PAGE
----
As students and administrators seek anytime, anywhere access to the cloud, higher ed IT teams must face their fears and get to work.
Richard Smith has spent the past year and a half developing an easy-to-use mapping application with first responders in mind.
Smith, an assistant professor of geographic information science at Texas A&M University-Corpus Christi, envisions emergency personnel using his SituMap application for serious emergencies, such as campus shootings, as well as for planning exercises, severe weather events and minor incidents. Having access to floor plans, real-time traffic and weather data and touch-enabled maps help personnel develop clear and effective response plans quickly.
“The deficiency that we saw was the complexity of existing mapping software turned off a lot of users, and a lot of training is required,” Smith says. “SituMap would fill the gap of not requiring much training. It takes minutes to get the basics, and, in a crisis situation with multiple stakeholders, they could quickly and easily engage without having to know the software.”
Think of SituMap — short for Situation Map — as a digital command center for law enforcement and other emergency responders. It is a digital map, much like the Google and Apple Maps, but it offers much more.
The Texas A&M University-Corpus Christi Police Department uses the app on a 55-inch touchscreen for its daily briefings, which are now completely paperless.
The app supports up to 50 simultaneous inputs, meaning multiple users can work on the map at the same time. Users can measure distances and area sizes, find locations, view floor plans, draw and erase routes, detail where fire trucks, ambulances and squad cars need to go and share versions of detailed maps with mobile users.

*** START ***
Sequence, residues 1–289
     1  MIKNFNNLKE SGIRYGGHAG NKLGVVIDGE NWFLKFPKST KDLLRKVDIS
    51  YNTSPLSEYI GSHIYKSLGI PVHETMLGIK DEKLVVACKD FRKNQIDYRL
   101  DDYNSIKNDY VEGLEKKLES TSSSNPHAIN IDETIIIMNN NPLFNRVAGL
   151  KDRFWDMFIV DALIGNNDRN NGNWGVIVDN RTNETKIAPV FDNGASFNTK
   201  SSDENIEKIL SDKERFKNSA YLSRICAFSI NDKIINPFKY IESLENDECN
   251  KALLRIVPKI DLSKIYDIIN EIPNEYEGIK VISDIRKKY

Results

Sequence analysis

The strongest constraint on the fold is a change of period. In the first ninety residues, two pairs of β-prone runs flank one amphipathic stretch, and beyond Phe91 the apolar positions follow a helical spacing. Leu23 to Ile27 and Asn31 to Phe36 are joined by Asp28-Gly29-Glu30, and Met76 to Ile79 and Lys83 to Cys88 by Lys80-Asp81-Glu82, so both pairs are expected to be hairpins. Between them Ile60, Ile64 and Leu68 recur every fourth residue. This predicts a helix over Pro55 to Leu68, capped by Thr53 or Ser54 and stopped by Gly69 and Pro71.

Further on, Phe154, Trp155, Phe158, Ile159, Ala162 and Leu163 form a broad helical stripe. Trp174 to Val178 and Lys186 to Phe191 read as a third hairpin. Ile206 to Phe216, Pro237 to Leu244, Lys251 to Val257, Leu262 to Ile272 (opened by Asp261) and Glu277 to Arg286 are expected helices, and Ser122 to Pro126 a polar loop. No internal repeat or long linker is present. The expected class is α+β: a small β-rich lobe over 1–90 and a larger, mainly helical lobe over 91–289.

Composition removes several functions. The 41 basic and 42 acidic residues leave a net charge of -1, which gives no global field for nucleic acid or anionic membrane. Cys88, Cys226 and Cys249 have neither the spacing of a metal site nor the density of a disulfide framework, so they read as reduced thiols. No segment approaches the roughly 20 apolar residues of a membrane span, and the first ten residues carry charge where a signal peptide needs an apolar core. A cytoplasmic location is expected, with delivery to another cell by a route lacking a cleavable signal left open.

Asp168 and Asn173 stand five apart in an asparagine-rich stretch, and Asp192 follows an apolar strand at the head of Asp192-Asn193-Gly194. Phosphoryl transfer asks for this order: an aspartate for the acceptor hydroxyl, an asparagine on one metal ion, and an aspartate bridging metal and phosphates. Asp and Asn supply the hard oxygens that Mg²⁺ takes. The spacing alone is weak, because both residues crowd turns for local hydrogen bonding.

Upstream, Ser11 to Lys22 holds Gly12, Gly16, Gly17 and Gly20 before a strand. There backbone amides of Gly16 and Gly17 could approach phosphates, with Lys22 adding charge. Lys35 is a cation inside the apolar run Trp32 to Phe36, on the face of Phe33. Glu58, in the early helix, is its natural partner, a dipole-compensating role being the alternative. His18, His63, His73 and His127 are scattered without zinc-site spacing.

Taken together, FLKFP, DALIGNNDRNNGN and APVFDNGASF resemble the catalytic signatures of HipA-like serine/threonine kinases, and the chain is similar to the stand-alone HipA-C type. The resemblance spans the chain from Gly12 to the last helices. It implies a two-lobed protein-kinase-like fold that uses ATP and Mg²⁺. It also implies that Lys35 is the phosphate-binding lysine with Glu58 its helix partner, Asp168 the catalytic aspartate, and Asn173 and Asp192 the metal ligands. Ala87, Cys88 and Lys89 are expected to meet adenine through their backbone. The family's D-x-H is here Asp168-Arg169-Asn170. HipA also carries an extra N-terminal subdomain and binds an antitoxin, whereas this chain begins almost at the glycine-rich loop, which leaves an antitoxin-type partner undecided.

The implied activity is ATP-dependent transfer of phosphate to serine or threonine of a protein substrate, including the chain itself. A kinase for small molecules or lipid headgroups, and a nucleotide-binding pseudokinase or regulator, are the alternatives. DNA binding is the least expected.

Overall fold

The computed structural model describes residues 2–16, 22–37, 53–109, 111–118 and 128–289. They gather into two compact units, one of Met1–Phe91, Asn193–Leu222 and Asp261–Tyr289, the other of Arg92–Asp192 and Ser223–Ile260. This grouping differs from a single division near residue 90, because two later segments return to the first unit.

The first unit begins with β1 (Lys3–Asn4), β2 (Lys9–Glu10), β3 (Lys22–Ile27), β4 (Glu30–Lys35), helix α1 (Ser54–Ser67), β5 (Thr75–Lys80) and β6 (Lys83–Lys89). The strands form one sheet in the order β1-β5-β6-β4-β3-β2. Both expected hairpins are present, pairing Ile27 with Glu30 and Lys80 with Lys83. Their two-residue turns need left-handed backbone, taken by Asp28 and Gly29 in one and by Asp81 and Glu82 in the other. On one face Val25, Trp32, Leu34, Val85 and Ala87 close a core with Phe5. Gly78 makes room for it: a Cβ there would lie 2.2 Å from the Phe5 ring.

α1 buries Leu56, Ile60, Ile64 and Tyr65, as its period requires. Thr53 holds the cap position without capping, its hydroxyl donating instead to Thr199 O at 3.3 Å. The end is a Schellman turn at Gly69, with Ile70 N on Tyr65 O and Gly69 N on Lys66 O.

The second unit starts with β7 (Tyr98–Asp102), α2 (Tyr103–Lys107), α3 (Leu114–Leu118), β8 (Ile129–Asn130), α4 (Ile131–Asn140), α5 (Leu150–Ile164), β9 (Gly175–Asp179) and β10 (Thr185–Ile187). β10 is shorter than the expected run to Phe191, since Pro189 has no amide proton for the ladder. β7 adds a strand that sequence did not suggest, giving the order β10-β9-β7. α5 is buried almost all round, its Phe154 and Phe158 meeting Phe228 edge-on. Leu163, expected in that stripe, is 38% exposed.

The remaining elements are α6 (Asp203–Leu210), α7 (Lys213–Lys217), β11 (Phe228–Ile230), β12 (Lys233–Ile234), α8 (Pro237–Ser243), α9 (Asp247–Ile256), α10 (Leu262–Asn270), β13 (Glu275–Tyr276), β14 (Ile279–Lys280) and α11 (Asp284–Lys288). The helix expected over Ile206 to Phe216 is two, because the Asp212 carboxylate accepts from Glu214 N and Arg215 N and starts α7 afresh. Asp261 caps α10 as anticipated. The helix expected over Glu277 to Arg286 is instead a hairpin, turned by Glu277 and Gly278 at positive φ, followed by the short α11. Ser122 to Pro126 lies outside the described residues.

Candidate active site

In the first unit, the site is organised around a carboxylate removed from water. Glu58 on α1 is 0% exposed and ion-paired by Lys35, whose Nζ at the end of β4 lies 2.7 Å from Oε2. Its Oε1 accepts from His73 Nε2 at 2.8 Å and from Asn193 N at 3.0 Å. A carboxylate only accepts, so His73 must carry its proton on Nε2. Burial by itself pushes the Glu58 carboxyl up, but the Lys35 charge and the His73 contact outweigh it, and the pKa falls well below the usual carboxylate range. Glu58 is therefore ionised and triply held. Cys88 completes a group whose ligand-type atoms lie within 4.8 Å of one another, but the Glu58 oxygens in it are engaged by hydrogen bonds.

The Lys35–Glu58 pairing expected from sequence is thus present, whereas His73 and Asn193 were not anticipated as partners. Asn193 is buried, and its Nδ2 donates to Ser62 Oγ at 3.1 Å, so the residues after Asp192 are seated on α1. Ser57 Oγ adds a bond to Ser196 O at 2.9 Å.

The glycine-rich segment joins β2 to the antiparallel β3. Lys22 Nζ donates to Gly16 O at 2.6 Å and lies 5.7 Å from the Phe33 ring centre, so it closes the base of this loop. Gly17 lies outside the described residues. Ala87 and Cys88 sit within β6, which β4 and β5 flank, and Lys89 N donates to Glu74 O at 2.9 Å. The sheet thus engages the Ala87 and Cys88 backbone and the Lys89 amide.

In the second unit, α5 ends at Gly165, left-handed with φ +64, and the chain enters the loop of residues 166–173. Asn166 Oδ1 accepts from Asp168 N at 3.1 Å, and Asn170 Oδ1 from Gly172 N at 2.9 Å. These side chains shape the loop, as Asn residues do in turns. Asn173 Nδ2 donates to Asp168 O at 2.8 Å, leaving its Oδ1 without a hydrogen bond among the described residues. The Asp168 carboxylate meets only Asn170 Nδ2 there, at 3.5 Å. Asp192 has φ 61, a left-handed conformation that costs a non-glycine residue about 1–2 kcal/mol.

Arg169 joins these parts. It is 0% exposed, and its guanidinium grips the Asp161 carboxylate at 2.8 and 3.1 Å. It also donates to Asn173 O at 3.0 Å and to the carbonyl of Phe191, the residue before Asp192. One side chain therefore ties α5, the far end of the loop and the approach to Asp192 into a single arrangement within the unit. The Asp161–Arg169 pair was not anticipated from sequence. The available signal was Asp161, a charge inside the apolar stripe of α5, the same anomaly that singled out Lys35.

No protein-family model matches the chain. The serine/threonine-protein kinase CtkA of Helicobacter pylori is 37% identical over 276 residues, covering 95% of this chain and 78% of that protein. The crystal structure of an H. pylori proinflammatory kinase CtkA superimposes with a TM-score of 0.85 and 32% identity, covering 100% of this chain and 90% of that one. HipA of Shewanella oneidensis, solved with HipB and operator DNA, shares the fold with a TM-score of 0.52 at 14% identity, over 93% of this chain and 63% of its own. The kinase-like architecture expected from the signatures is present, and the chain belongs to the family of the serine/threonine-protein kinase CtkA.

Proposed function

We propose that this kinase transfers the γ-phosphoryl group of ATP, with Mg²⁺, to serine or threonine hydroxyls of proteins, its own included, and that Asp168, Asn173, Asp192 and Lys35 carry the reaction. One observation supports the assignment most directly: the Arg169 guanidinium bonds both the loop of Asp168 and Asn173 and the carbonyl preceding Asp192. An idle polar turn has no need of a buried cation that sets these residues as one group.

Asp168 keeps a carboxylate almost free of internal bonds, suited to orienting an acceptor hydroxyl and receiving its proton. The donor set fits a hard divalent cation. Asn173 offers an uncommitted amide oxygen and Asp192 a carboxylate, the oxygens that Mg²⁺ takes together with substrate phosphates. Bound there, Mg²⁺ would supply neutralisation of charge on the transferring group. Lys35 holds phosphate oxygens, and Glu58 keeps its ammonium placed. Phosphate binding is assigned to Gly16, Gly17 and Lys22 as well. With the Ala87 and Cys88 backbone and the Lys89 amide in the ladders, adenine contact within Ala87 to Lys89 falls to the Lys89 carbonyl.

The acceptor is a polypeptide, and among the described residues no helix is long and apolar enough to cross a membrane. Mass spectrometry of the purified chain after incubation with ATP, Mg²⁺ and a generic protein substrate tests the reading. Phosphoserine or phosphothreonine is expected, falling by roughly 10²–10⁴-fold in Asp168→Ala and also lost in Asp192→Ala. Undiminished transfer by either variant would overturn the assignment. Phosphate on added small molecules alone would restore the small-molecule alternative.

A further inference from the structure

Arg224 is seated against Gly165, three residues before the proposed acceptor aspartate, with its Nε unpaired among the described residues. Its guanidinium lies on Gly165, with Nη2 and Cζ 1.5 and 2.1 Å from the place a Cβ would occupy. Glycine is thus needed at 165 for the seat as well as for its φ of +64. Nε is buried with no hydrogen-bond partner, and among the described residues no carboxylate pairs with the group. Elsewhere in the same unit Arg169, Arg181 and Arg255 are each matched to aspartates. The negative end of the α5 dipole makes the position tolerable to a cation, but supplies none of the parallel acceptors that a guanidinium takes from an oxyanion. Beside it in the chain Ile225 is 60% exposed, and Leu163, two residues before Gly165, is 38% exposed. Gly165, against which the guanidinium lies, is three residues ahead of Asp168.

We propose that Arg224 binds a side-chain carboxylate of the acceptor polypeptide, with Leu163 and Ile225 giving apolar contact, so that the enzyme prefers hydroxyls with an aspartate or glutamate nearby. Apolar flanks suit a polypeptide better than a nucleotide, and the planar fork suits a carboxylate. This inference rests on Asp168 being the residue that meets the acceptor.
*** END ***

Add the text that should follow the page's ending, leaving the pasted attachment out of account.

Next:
Check out the SituMap demo below.
Texas A&M University-Corpus Christi Police Chief Alan Gutierrez, who has been in the business for 30 years, says he was looking for a tool that he could use every day and not only during emergencies.
“We are situated next to a military base,” Gutierrez said of the campus. “We’re on the coast, so there are always risks.”
His team recently used SituMap to respond to a gas leak on campus, and Gutierrez says the department is looking at expanding the use of the app for campuswide emergency operations. Younger detectives embrace and expect these types of digital capabilities, he says.
The app was designed to run on any Windows-based touchscreen device, including the Surface Pro 3 and laptops. Smith is working with the Texas A&M System Technology Commercialization (TTC) to bring his product to market. If the product proves popular in the marketplace, the next step would be to create versions for Android and iOS devices, Smith says.
“The collaborative nature of the app allows different stakeholder groups to be part of it,” says Michelle Maresh-Fuehrer, assistant professor of communication at A&M-Corpus Christi. “It’s just like playing on a big iPad.”
Maresh-Fuehrer is collaborating with Smith to identify how the app could aid first responders during emergencies.
Along with SituMap, Smith has developed an app called PhotoSorter, which allows emergency responders and members of the public to email photos and video. Those visual assets can be integrated with SituMap, providing first responders with greater situational awareness on the ground.
The university has another tool at its disposal that could provide more up-to-date imagery on the ground: a drone. The Federal Aviation Administration named the university a test site for unmanned aircraft systems, allowing it to research how drones can be used safely to support law enforcement support, help preserve the ocean and more.
Smith says he plans to do tests in the future to see how quickly drone data can be integrated into applications like SituMap.
But the app isn’t only for public safety professionals. SituMap could be used to plan emergency evacuation routes or show people where to take shelter during a shooting.
“Crisis planning is so important that people are being held accountable for not doing planning,” Maresh-Fuehrer adds.
“To me, this empowers an employee to be able to collaborate on a meeting and say, ‘This could happen. Let’s think about this,’” she explains. “This allows you to take tabletop exercises to another level.”